This Hat Blogs: Johnson's Green Policy

Author: Sam Saunders

For many years now the climate emergency has been at the top of the political agenda, successive government across the world have promised greener policies, everyone remembers ‘hug a husky’ from the Cameron years. Now, in the most tumultuous political climate in living memory, Prime Minister Johnson has shifted his governments agenda to try and centralise the environment. A ban by 2030 on the sale of new petrol and diesel cars is the most eye-catching policy for sure, and it does carry some serious political risk, but what is most interesting about the announcement is the language used. 

“My 10-point plan will create, support and protect hundreds of thousands of green jobs, whilst making strides towards net zero by 2050.”

This is the key statement from Boris’ pledge, all be it in rather classic vague Johnsonian language. This is because this policy launch has happened at the time when the UK’s finances are in the worst place since the second world war, borrowing is at a record high and jobs are disappearing left right and centre. For many, the idea of shifting towards a greener economy brings the fear of economic stagnation. Like many countries, the UK’s economy is still heavily intertwined with fossil fuels both directly and indirectly. Johnson has too make it clear that this policy shift is in the aim of creating more opportunity, not harming an already teetering economy. 

Johnson is painfully aware of this reality, hence his call for a “green industrial revolution” which he claims will result in the investment of £12bn of government funds, create 250,000 green jobs and help drive a green recovery from Covid-19. This has to be the governing force behind any green policy movement in the current climate. This is because for such a policy to really move forward, it needs to have the wide backing of the country.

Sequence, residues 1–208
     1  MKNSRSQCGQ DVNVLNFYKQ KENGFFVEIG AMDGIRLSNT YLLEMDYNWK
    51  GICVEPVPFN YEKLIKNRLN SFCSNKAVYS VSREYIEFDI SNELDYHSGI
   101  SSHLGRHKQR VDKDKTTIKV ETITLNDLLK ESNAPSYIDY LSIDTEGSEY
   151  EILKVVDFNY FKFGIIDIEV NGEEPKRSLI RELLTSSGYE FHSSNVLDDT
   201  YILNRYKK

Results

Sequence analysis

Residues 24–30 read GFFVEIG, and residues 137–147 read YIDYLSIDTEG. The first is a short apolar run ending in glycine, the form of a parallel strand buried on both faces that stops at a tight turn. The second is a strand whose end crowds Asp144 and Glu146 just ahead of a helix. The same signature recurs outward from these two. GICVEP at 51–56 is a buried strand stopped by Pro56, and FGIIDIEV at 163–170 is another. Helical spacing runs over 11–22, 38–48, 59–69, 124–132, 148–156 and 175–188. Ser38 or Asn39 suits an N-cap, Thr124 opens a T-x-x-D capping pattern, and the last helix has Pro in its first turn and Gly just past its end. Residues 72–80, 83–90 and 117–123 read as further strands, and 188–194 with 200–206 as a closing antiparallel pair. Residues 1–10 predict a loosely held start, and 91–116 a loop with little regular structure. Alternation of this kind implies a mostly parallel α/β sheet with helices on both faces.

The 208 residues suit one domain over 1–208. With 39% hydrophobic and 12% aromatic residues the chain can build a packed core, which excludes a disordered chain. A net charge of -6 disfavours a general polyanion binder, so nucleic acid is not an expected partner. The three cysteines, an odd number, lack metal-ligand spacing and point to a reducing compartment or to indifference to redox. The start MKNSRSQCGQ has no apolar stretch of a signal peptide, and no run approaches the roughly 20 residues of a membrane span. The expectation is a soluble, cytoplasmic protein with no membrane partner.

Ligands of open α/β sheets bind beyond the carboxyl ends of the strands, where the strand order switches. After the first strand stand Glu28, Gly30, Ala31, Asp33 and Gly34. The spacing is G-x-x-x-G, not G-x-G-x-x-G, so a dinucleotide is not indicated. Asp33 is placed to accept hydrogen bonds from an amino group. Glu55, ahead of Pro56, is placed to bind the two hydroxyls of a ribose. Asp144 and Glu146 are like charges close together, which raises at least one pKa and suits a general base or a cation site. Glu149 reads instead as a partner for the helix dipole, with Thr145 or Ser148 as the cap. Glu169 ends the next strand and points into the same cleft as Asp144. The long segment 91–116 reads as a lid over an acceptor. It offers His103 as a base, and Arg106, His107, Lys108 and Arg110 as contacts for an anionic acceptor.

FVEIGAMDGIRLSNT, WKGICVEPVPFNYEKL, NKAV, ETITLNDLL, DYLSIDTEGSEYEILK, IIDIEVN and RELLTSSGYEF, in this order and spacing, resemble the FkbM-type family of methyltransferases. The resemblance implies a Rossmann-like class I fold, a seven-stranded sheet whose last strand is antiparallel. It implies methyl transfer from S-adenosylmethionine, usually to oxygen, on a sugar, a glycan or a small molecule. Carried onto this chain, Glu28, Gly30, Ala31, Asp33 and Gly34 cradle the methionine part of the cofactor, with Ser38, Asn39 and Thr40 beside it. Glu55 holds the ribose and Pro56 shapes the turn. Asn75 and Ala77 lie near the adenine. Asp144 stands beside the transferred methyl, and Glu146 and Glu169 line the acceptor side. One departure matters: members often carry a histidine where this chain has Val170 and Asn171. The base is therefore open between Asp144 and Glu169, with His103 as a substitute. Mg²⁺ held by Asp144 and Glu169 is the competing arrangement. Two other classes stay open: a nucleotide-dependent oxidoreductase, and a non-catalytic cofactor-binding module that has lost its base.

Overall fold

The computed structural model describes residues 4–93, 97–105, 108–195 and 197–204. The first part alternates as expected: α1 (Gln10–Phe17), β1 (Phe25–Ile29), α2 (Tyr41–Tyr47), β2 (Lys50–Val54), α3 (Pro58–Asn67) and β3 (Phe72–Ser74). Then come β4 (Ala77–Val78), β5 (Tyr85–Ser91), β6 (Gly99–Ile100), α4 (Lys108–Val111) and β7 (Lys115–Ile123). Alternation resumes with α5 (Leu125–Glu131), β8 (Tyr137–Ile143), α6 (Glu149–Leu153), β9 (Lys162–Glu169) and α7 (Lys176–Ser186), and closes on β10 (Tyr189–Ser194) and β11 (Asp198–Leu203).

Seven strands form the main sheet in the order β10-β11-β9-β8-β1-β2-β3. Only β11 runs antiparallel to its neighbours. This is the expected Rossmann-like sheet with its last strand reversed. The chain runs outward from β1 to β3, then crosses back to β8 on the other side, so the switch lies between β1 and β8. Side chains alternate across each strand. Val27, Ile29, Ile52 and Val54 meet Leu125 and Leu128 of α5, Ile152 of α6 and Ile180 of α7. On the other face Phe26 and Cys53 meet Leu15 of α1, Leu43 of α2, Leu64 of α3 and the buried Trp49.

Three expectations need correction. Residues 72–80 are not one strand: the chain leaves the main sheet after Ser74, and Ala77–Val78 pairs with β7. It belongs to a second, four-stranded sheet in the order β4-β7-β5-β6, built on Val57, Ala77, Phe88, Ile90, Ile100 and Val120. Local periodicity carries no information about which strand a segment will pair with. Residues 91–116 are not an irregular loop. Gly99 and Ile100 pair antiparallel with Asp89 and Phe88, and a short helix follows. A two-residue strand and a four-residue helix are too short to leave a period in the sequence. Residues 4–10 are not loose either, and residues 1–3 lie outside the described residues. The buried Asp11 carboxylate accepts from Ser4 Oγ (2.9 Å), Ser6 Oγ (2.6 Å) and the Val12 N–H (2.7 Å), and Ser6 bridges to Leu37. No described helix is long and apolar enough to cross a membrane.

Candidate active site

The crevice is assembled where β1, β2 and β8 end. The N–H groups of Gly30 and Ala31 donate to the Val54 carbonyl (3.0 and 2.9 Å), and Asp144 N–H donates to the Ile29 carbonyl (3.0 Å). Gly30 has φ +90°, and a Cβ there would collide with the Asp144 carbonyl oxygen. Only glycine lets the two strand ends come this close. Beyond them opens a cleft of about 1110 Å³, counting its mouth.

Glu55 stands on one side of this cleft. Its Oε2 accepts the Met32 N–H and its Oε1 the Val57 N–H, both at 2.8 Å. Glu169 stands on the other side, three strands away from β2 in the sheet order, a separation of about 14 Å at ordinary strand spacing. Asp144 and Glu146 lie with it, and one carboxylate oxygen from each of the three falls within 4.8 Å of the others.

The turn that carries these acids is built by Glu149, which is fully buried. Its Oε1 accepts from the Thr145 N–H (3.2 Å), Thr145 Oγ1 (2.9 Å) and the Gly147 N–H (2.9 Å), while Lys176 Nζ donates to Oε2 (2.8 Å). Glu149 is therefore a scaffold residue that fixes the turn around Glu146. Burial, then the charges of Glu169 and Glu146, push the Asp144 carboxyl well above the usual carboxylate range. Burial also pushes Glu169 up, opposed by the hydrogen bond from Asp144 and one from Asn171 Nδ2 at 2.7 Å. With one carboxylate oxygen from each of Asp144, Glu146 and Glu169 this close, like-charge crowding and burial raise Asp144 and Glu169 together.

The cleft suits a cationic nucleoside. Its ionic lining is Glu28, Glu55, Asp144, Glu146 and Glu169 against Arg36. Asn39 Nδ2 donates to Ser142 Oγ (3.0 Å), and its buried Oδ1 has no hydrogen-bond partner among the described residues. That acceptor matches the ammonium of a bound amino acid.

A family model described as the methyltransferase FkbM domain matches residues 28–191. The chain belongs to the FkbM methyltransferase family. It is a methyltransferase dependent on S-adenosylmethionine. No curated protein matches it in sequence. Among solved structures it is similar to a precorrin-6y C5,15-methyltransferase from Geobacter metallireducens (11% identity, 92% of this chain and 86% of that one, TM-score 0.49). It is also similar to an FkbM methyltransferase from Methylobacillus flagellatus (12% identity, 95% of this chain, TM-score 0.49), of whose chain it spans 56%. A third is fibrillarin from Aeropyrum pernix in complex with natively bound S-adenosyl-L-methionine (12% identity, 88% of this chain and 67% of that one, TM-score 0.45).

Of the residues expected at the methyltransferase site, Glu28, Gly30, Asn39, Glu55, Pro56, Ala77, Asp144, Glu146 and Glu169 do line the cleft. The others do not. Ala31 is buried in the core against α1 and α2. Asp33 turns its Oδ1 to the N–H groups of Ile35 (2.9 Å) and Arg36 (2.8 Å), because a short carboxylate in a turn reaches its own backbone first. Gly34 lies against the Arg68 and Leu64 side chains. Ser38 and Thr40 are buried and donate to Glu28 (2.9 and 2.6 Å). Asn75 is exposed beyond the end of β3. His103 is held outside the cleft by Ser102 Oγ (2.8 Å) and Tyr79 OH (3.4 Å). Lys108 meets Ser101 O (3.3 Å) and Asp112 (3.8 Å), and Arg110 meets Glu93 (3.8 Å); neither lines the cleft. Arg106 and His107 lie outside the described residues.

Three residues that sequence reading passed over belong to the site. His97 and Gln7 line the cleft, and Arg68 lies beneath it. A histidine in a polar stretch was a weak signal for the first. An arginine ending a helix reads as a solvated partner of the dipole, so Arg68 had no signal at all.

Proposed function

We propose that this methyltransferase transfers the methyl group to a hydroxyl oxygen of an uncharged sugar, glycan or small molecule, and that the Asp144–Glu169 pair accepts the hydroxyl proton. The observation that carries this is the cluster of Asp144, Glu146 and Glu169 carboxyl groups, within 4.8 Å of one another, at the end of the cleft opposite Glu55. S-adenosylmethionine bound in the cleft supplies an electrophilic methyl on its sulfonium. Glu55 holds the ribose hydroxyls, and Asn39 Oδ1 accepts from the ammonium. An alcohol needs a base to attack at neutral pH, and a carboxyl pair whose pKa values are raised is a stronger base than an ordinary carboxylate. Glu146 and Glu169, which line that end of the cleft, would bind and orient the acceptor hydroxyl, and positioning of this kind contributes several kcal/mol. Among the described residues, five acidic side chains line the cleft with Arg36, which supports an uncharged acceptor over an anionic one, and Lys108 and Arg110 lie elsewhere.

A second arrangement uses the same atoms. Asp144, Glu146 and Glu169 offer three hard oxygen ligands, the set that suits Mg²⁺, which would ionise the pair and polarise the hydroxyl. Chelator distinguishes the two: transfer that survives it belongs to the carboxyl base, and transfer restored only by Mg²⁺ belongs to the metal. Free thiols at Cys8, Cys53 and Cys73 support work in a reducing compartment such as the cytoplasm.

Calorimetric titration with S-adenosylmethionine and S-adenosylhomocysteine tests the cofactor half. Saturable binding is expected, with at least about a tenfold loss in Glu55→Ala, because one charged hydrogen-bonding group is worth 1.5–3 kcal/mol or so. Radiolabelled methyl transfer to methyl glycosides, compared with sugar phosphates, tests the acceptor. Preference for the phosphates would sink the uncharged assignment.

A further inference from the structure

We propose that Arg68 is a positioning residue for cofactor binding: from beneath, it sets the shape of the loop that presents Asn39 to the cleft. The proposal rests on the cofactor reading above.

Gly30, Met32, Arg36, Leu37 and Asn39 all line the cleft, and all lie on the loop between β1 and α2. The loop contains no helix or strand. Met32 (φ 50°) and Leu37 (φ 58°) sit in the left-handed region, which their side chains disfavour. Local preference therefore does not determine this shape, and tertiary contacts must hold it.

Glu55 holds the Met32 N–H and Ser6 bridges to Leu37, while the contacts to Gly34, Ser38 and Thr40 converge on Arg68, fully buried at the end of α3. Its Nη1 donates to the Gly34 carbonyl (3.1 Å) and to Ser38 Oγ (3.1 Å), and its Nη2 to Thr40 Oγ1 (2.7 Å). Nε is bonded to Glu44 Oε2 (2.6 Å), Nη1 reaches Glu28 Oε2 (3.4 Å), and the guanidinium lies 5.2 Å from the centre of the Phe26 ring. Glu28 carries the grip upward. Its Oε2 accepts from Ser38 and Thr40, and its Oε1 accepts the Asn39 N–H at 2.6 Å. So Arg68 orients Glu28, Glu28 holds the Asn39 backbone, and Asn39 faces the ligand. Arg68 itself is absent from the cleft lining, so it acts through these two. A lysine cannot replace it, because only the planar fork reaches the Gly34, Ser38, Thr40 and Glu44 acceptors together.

For too many people the discussion of the environment has become synonymous with the protests of extinction rebellion, making it linked to a fringe radical group. This has to change, environmental policies need to become about modernising the economy and creating new jobs. Johnson is trying to form this narrative. 

It must be noted that these policies do not go far enough if the goal is reaching net zero emissions. According to a detailed analysis of the policy document released by the government by the Financial Times, “The government estimates the plan will save more than 180m tonnes of CO2 emissions during the 2023 to 2032 period, which is slightly more than half the UK’s annual emissions right now.” 

However, this is an important change in the narrative. The government is making it clear that their environmental policies are in tandem with their levelling up agenda, but the question still remains whether they are aiming to really revolutionise the governments green agenda and deliver on their promise for zero emissions, or if this is merely an effort to distract from the political chaos Johnson has found himself in. Either way, this a key shift for the government towards unchartered territory. Everyone will be watching.